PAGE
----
The incommunicable trees begin to persuade us to live with them...
-Ralph Waldo Emerson, “Nature”
Strange as it sounds, I sometimes think that Nathaniel Dorsky’s films are never clearer than when they slide out of focus. Dorsky often remarks that his films work best when the viewer isn’t trying to understand them, but these shots make sure of it. With nothing to do, the mind is apt to grow restive, drowsy, or both. But in that moment of abandonment, we may yet come back to our senses. All it takes is a bug flying across the foreground of the shot, or even a speck of dirt flecking the 16mm print, to realize, with a start, that the image itself is in fact perfectly in focus. We are so habituated to thinking of focus in terms of the thing being photographed that it can feel a little woozy uncoupling the two, but we taste the difference when the film cuts back to a standard focus shot and it seems to float, suspended in open awareness.
However it is that Dorsky’s poetic films clear the ground for this kind of intensely subjective activity, Elohim (2017) makes a special point of it. In its radical simplicity and unbroken emphasis on seeing as such, the film hearkens back to his Alaya (1976-1987), an intimate epic composed entirely of shots of sand and, for me, one of the most beautiful films ever made. Elohim is also a single-subject work in the sense that it was shot entirely in Golden Gate Park’s arboretum. Dorsky’s films are primarily shot within walking distance of his apartment—one thinks of Thoreau’s having “traveled a good deal in Concord”—but there is an appreciable difference in limiting himself to a single location and thus removing the drama of cutting from place to place in the montage.
Elohim’s place-based framework corresponds with a deeper shift in Dorsky’s filmmaking style. As he remarked to Scott MacDonald in a 1999 interview, “When you go into polyvalent editing … the place is the film.” In Dorsky’s work that place can be thought of as a garden, gracefully anticipating the viewer’s needs for sunlight and shade, enjoyment and sanctuary. But in Elohim, the garden is a given. Perhaps unsurprisingly, then, the montage feels less taken up with its own articulation. In Dorsky’s earlier films, the exploratory spirit of the camerawork is tempered by the exacting justice of the cuts—a balancing act aptly conveyed by Jack Spicer’s line, “Love makes the discovery wisdom abandons.” In Elohim, as in Alaya before it, the balance bends back towards first sight and a more primordial sense of order.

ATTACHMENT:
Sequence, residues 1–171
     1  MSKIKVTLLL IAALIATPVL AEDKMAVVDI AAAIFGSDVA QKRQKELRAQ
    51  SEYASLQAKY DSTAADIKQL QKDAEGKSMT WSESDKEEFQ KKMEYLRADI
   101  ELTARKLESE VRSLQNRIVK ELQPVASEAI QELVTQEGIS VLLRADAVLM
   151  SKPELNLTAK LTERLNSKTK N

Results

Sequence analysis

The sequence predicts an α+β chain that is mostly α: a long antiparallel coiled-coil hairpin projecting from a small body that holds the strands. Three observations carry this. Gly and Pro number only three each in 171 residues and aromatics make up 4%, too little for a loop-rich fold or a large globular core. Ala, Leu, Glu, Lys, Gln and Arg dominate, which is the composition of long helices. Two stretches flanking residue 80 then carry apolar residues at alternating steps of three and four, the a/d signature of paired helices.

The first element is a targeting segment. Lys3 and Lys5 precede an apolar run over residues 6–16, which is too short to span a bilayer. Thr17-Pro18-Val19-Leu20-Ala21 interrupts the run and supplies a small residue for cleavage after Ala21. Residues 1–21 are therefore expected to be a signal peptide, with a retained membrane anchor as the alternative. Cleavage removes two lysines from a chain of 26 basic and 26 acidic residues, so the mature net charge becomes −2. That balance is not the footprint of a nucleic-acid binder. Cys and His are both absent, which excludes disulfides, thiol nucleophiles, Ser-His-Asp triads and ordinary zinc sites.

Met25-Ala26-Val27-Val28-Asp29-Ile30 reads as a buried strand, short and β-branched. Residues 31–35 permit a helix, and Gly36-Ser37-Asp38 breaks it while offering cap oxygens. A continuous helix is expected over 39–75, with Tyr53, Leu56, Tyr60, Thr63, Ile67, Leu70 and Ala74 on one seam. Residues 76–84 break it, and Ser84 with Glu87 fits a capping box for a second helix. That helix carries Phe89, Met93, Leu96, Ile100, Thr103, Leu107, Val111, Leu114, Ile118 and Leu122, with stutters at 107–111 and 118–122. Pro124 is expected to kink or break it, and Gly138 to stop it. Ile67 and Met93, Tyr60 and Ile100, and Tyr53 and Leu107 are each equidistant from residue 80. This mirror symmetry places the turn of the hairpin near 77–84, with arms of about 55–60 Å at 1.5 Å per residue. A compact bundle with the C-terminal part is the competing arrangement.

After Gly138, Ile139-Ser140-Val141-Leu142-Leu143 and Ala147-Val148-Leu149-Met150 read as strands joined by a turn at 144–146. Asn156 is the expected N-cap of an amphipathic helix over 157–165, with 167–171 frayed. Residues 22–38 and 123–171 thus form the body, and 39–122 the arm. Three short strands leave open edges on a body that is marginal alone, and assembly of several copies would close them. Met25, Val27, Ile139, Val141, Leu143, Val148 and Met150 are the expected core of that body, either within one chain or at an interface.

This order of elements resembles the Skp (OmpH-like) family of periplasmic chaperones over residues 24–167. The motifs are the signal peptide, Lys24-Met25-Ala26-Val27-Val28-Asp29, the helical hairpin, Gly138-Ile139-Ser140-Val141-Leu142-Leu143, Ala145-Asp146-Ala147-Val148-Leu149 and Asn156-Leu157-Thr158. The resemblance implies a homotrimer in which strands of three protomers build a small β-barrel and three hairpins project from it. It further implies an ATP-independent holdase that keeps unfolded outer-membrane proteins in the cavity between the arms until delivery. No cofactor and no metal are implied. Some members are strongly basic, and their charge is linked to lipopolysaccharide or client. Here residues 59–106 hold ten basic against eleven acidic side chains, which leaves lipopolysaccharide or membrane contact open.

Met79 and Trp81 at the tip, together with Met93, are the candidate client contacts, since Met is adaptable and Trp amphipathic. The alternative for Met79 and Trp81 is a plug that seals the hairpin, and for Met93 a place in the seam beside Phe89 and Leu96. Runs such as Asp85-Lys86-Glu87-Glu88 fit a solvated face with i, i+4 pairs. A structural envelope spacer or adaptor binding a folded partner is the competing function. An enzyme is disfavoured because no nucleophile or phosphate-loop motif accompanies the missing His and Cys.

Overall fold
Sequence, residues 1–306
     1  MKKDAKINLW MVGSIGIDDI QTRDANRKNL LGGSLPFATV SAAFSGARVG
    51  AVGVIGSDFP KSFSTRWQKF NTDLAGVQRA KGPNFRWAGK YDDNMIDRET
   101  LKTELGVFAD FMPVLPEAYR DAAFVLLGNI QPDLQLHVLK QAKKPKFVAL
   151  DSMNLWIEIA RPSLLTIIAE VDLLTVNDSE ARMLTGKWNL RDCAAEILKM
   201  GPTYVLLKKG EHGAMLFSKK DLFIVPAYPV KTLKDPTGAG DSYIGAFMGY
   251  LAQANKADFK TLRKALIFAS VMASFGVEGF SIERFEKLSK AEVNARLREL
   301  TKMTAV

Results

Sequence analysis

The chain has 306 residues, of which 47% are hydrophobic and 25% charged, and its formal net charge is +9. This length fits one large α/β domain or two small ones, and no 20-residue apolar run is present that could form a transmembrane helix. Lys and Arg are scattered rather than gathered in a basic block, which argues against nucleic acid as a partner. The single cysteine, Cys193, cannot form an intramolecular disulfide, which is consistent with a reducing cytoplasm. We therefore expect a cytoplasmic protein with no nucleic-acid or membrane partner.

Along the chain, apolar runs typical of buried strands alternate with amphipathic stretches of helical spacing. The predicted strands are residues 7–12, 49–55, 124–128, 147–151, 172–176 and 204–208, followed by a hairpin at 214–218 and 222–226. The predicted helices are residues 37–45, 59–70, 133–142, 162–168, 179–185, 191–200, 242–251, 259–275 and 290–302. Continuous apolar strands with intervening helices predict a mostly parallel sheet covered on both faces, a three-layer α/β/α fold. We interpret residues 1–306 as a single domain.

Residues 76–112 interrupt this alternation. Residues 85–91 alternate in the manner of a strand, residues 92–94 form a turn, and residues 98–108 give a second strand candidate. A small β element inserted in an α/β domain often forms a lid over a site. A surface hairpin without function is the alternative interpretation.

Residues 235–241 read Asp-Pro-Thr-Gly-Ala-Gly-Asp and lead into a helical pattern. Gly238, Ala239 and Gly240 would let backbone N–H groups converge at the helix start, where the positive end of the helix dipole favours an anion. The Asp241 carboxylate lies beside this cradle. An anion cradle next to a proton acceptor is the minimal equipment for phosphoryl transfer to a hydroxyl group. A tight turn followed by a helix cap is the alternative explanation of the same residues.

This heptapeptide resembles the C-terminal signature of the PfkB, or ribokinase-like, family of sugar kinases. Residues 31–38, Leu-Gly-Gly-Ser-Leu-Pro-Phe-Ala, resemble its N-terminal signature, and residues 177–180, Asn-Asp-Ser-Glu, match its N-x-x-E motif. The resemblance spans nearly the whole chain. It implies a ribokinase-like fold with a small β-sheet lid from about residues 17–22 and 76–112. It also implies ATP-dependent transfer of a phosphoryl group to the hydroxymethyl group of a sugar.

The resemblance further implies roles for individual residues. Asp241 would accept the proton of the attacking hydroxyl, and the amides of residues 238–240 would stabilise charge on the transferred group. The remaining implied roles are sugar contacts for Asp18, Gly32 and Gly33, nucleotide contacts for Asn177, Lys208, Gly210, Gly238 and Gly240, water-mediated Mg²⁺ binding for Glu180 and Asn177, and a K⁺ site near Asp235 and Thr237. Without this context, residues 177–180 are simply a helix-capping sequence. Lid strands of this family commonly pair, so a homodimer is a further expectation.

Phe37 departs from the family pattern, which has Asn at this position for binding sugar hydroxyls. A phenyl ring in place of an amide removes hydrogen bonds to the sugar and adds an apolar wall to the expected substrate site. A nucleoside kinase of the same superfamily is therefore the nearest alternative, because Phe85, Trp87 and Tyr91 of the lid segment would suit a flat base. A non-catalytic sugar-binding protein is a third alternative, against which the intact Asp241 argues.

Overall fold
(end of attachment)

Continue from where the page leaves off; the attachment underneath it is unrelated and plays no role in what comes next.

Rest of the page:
This unobtrusive editing can make it feel like we are watching raw camera footage. Another measure of Elohim’s nakedness is that many of the most dynamic shifts occur within shots, with Dorsky adjusting the aperture to open the landscape to sunlight or send its bright points diving into darkness. (I’ve heard the filmmaker liken these improvisations to vibrato, but for me the effect evokes a breathing animal.) Many of the actual cuts are hidden in these dark patches, such that it can be difficult to discern where one shot ends and the next begins. In this way, the allover approach to composition is extended into the realm of montage.
There were earlier intimations of this realignment, especially in Avraham (2014). Inspired by his study of the Jewish mystic Baal Shem Tov, Dorsky made the piece by walking around and exposing film whenever he encountered something that seemed to be of Abraham. Maybe because the film wants to stay true to these found illuminations, there is a straightforward, successive quality to the cuts. The difference is that where Avraham goes in search of the miraculous, Elohim dwells in it.